This column detailed the full name of the child, but in some cases the parents had not yet named them, so this was occasionally entered as Male or Female.
This column was where the gender of the child was recorded - until 1969, the certificate stated boy or girl, but after that date, male or female was entered.
The father's details were were required to be entered on the certificate when the parents were married to each other, with only one parent signing the register, but if the parents were unmarried, then the father's name and occupation were left blank.
If the parents were both in attendance at the register office, then the father's name could be recorded on the certificate regardless of whether the couple were married or not. Both parents were able to sign the register.
If the mother was unmarried, only her sole name was entered on the certificate, but if she was married, her married and maiden names were both recorded, and if she had been previously married, her previous married name may be entered, such as Mary Dunkley late Clarke formerly Reynolds, as shown in the example below, however there are pitfalls to take into consideration when studying this information.
The father's occupation is also entered, which can prove useful to the family historian as you may find your ancestor was mentioned in records of a company he may have worked for.
If the column for father's name is blank, this means the child could be illegitimate and it may prove more difficult to track down the possible father, although the father's name is sometimes mentioned in some way in the child's name. It could also lead to there being confusion over what the child's last name actually was.
The informant of the birth is asked to confirm whether the information recorded on the certificate is accurate before signing the entry.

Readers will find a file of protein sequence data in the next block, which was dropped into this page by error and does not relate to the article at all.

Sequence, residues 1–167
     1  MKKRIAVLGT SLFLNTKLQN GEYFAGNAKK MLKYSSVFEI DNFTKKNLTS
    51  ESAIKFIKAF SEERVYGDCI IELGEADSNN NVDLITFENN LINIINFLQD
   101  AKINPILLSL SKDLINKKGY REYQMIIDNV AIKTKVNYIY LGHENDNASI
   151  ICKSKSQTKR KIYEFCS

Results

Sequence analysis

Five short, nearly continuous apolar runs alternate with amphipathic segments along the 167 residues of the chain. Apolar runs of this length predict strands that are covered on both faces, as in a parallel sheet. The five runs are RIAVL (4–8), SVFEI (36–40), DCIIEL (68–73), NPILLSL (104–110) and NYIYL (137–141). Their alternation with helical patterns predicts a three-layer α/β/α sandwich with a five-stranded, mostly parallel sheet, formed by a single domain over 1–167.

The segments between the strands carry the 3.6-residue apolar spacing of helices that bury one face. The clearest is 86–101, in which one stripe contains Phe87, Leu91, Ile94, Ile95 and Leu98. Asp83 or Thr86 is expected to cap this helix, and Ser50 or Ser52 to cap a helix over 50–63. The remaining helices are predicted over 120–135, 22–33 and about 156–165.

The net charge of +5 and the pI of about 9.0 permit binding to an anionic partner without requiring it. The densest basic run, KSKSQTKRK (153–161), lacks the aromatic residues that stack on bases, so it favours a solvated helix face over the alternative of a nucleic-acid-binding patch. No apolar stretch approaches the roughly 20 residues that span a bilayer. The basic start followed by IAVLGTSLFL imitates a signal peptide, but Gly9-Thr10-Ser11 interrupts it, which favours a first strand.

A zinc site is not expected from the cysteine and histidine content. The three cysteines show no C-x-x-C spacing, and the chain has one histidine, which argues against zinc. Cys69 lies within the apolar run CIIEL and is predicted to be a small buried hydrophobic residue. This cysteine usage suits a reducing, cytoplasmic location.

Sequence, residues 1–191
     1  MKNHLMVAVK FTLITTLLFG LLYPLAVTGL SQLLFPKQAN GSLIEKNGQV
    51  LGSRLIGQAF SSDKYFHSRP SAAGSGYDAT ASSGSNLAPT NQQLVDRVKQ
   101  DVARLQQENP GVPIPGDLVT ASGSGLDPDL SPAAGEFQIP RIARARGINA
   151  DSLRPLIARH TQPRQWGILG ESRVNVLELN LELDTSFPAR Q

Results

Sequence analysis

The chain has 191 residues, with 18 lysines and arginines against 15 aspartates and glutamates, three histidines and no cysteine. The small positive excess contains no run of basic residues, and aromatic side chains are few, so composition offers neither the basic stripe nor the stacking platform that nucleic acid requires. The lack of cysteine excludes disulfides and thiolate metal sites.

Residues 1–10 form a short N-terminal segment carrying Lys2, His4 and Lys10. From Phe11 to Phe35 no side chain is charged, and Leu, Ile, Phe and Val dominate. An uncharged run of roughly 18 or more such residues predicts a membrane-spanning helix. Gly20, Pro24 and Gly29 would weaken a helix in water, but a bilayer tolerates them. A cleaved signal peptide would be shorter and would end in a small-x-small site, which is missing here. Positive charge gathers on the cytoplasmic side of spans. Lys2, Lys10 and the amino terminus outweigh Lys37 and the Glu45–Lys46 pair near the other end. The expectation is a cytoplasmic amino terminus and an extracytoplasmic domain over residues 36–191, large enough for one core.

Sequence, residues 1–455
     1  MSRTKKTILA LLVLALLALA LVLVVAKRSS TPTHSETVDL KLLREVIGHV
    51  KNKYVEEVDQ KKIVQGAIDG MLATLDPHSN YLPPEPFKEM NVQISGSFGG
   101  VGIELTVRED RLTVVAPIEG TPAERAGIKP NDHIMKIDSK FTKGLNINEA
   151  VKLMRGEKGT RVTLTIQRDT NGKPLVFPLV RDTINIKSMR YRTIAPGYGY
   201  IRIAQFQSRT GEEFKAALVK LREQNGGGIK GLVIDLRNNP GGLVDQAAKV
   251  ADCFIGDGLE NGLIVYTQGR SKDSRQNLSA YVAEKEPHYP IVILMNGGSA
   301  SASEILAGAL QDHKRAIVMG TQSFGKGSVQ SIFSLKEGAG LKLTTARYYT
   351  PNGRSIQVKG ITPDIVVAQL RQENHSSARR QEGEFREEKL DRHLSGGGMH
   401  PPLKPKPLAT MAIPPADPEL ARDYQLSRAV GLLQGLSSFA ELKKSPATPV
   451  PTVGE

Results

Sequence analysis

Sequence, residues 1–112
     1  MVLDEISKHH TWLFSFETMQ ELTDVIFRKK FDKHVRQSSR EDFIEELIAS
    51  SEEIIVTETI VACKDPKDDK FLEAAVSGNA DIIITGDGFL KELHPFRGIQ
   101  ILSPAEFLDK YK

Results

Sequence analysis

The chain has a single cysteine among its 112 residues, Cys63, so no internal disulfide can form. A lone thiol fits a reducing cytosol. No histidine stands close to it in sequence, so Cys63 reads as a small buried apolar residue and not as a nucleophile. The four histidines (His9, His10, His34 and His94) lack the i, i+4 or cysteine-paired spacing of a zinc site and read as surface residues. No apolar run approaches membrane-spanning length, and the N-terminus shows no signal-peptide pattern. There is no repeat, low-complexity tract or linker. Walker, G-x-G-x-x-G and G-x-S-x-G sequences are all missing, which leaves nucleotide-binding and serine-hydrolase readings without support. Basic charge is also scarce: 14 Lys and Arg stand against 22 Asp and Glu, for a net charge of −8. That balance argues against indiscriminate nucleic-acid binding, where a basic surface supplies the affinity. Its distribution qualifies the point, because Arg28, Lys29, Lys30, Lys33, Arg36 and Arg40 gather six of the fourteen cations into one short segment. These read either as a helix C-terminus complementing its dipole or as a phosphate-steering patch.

One problem with this, however, was that many people were not able to read and write, signing their name by 'making their mark' with an X. If a person could not read, they would not be able to tell if the information was recorded accurately or not.
The informant of the birth was usually the mother or father, but if a child was born in the workhouse, the master of the institution usually acted as the informant.
The date entered here is the date the birth was registered, not the child's birth date.
The signature of the registrar was entered in this column, but if there are two signatures, this may indicate that the birth was registered late or had been re-registered.
If a time is listed this means the parents may have had more than one child born at the same time, or could just be because the registrar wanted to record as much information as possible.
You can also obtain a birth certificate from the appropriate register office, which is the Office where births, marriages and death are officially recorded. Registers held by the Office date back to 1837, being in the custody of the Superintendent Registrar of the district. Each registration district may have one or more registrars, each of them assuming responsibility for a sub-district.